Prebiotic gas flow environment enables isothermal nucleic acid replication

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Prebiotic gas flow environment enables isothermal nucleic acid replication


Schwintek, P.; Eren, E.; Mast, C. B.; Braun, D.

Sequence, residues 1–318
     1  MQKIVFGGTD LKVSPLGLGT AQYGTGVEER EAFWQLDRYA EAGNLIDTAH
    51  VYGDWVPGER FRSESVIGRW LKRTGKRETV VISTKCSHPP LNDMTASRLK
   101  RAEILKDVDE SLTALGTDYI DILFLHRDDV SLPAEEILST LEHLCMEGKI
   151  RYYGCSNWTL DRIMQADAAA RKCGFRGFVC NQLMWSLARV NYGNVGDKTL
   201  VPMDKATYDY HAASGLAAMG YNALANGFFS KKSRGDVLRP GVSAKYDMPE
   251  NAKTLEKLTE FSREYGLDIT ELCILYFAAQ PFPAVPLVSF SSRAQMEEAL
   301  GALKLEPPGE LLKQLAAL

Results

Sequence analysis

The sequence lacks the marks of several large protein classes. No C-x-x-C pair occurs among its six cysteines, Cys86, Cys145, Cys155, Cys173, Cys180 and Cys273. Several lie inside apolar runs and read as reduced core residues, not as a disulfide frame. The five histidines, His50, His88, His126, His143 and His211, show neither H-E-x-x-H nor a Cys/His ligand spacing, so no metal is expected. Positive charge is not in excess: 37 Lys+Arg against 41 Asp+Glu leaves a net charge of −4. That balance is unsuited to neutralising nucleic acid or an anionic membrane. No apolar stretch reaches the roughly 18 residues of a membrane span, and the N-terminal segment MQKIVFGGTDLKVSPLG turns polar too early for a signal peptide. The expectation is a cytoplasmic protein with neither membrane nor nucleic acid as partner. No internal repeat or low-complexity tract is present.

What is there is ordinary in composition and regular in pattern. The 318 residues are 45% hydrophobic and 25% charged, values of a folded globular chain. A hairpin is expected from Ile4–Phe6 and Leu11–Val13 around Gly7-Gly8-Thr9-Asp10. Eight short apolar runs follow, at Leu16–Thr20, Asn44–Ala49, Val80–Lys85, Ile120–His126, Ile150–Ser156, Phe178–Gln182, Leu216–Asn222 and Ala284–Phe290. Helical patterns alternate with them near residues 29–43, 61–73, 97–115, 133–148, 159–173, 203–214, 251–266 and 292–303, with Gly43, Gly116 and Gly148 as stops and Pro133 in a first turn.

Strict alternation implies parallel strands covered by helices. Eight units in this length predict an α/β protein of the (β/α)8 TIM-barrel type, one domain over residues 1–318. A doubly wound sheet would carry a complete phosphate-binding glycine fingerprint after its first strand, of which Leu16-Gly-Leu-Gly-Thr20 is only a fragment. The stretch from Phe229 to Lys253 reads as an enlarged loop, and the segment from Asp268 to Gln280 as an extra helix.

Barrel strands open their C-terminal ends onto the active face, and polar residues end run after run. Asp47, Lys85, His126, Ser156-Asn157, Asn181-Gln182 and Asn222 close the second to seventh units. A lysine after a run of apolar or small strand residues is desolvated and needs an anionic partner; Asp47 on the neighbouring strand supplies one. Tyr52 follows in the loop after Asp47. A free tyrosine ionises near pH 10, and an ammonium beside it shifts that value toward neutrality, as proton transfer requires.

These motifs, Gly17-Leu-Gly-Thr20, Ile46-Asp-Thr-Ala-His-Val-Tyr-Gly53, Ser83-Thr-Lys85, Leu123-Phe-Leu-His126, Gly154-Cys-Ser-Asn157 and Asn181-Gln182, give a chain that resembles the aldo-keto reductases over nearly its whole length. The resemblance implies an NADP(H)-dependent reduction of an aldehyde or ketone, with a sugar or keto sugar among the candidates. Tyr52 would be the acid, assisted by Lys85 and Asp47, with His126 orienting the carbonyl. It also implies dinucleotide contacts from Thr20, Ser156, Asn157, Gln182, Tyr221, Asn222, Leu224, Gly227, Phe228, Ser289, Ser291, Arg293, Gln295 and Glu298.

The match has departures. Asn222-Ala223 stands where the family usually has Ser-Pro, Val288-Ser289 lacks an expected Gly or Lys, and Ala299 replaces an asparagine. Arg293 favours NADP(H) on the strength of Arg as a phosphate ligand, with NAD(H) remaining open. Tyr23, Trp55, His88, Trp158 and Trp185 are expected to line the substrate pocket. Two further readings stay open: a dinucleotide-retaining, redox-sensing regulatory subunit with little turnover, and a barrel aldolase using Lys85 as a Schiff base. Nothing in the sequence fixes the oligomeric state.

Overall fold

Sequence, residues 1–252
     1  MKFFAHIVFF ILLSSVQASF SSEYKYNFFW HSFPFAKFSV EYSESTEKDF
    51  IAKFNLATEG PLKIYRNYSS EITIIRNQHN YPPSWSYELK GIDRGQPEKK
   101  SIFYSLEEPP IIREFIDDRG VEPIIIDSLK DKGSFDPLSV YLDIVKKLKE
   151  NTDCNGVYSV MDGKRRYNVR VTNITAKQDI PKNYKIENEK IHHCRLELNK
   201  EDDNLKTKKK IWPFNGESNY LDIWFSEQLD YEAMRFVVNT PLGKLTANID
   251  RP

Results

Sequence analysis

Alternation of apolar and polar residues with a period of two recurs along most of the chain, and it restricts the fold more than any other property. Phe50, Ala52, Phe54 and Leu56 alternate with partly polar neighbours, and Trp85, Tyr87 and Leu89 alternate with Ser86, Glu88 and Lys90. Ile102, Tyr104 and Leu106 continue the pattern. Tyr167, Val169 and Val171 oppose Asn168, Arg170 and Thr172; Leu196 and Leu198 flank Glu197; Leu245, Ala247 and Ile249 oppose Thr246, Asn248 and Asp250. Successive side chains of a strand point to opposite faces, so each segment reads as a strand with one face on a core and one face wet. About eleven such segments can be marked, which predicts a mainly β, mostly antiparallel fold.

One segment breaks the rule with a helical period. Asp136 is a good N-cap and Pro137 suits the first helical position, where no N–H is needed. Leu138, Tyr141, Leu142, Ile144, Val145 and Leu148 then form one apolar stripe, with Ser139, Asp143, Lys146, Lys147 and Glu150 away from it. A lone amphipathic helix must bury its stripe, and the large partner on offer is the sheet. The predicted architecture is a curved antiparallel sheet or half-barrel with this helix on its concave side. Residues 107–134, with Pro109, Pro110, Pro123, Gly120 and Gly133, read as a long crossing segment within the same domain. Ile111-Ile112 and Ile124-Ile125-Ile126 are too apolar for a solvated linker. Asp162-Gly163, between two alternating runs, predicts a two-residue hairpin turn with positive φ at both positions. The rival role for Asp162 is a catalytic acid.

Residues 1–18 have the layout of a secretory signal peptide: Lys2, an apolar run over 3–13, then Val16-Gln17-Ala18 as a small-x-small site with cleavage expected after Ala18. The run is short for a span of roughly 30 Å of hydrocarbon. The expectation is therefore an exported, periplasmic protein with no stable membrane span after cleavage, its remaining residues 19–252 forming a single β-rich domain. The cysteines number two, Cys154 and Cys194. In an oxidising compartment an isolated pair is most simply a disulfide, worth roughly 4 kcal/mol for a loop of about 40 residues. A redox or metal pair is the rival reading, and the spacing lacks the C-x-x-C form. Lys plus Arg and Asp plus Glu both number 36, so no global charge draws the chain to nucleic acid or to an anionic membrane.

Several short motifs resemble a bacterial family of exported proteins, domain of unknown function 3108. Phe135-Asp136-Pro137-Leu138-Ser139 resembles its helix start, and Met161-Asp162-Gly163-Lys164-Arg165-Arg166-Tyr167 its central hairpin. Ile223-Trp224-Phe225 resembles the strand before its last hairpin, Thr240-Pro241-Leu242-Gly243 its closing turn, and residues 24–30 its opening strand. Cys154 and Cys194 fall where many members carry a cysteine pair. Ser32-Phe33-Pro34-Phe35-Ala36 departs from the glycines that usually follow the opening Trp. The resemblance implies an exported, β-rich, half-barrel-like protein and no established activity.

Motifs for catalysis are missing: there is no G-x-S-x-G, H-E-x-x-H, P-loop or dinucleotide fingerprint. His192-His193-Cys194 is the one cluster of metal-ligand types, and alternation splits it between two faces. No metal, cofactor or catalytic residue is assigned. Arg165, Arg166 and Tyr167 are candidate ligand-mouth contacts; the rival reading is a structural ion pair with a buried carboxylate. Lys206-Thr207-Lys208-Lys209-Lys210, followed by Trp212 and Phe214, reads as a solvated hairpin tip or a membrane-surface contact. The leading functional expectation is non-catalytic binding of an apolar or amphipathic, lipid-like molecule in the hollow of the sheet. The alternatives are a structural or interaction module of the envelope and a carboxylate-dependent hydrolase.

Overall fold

Nucleic acid replication is a central process at the origin of life. On early Earth, replication is challenged by the dilution of molecular building blocks and the difficulty of separating daughter from parent strands, a necessity for exponential replication. While thermal gradient systems have been shown to address these problems, elevated temperatures lead to degradation. Also, compared to constant temperature environments, such systems are rare. The isothermal system studied here models an abundant geological environment of the prebiotic Earth, in which water is continuously evaporated at the point of contact with the gas flows, inducing up-concentration and circular flow patterns at the gas-water interface through momentum transfer. We show experimentally that this setting drives a 30-fold accumulation of nucleic acids and their periodic separation by a 3-fold reduction in salt and product concentration. Fluid dynamic simulations agree with observations from tracking fluorescent beads. In this isothermal system, we were able to drive exponential DNA replication with Taq polymerase. The results provide a model for a ubiquitous non-equilibrium system to host early Darwinian molecular evolution at constant temperature.

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